Imperial Launches Online-Only Master’s in Business Analytics

Imperial Launches Online-Only Master’s in Business Analytics main image

Imperial College Business School have launched an online-only version of their existing MSc in Business Analytics. The MSc Business Analytics (part-time, online) will have the same core curriculum as the full-time, on campus course, but will be delivered entirely online.

The existing course aims to help graduates and young professionals to understand the content, relevance, and importance of big data problems facing businesses, taking a practical approach including a variety of machine learning, statistical, and operations research techniques with both faculty experts and external guest speakers.

The minimum academic requirement for both the on-campus and part-time, online version of the course is a UK 2:1 bachelor’s degree (or equivalent) in business, economics, engineering, computer science, mathematics, statistics, physics, or a quantitative social science.

Fees for the part-time, online version will be £27,500 (US$38,9496) for the full two-year program.

Mark O’Shea is a current student of the on-campus program, and he enthuses about the usefulness of the course for aspiring professionals in the world of business analytics, and business in general: “I firmly believe that technology will disrupt all industries in the near future, and being equipped with the right combination of business knowledge and tech skills will be vital.

“I am very confident that what I am learning in this program will be useful to me in anything I choose to do.”

The part-time, online MSc Business Analytics has been designed for working professionals who may be unwilling or unable to complete the full-time on-campus program but want to develop their skills in business analytics.

Program director Professor Kalyan Talluri explains the value the MSc can give to a student in terms of their future career: “The future of work is being increasingly influenced by emerging technologies, the explosion of data, and digital innovations.

“Regardless of the position they hold or the industries they work in, business professionals will need to be equipped with the knowledge and skills to operate effectively in this environment.”

Although the core material for both courses is the same, the delivery methods are not. Talluri explains: “The part-time online program uses videos and live sessions to keep online students engaged with each-other and on-track with their learning, however it also allows for greater flexibility in terms of activities, enabling students to dictate not only how they learn, but also where their studies can fit around their work and personal lives.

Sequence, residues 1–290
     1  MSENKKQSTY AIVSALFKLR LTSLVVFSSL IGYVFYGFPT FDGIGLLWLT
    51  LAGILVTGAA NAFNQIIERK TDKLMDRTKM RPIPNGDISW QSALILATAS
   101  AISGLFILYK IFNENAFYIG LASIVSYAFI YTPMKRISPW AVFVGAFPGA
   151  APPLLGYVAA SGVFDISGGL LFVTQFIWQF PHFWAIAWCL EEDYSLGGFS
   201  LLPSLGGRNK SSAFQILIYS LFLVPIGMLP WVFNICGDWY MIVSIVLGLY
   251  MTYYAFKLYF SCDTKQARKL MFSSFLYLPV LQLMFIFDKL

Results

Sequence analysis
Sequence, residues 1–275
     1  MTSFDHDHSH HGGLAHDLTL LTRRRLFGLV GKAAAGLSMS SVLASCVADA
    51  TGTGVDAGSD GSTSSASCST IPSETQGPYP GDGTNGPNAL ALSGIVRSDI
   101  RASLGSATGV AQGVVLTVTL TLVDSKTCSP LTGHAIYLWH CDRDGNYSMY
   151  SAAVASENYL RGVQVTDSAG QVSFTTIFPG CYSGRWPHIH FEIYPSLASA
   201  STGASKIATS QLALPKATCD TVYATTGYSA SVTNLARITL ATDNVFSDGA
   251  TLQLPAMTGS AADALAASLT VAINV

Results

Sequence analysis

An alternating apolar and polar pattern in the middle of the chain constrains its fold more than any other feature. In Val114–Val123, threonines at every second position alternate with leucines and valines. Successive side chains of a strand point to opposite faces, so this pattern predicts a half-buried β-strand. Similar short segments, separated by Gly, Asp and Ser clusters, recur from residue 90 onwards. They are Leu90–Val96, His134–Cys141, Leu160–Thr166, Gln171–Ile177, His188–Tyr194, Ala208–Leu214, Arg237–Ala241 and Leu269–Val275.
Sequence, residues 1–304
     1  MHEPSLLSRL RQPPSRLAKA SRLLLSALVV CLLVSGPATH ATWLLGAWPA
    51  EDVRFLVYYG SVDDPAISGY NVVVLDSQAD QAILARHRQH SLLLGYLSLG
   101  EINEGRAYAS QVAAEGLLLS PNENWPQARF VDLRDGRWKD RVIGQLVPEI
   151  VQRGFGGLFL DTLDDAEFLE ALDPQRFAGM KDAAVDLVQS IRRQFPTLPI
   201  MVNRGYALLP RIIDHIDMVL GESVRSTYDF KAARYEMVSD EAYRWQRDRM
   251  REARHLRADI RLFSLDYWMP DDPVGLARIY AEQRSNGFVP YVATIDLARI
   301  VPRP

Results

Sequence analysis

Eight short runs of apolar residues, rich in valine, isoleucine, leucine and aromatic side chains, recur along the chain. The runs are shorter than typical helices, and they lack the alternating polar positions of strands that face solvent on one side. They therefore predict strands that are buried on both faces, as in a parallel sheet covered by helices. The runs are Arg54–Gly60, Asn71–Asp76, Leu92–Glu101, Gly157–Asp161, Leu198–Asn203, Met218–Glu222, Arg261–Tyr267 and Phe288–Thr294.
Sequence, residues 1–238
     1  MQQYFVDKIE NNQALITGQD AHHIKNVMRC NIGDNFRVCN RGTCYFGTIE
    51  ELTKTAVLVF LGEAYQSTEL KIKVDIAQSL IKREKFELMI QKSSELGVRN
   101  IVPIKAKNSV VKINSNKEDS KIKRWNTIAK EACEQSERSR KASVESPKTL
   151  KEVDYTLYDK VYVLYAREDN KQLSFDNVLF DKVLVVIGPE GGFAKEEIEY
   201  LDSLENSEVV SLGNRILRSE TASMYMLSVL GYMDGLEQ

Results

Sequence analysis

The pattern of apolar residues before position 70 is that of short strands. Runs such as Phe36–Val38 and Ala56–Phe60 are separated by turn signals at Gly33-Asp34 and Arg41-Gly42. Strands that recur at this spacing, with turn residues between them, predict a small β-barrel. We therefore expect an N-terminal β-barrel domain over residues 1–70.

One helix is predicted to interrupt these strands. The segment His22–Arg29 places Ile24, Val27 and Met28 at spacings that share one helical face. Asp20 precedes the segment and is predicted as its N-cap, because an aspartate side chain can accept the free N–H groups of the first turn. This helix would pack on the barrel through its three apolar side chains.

“To promote greater engagement and a sense of community, groups of students can see each other’s work and comment on it, helping to generate discussions and idea sharing. Faculty are also able to track progress individually and give feedback in the same manner as we would monitor and provide feedback to campus-based students.”

The online-only program has been developed by Imperial’s award-winning EdTech lab, who are also responsible for their celebrated Global Online MBA program.

Online and distance learning is continuing to grow in popularity, and the advantages of such programs for both students and universities are clear. Online learning makes education far more accessible, meaning students are less bound by their location, something that benefits the universities offering these courses just as much as students, as they have a larger pool of applicants.

Online programs are also more flexible, meaning students are less constrained by a fixed schedule, and can continue with professional and personal obligations. Plus, the part-time nature of online-only programs can make them more affordable, as students can work full-time while undertaking their studies, with none of the costs associated with relocation that they may incur on a full-time program.

Talluri emphasizes the importance of schools offering such online learning options: “We have seen significant increase in demand for online learning across all our programs from students and applicants and can only see this increasing as digital working and learning becomes more commonplace.

“Schools which have not yet ventured into this sphere may soon find themselves left behind.”

Written by Julia Gilmore

Julia is a writer for, publishing articles for business students and graduates across the world. A native Londoner, she holds an MSc in Marketing Strategy & Innovation from Cass Business School and a BA in Classical Studies & English from Newcastle University.

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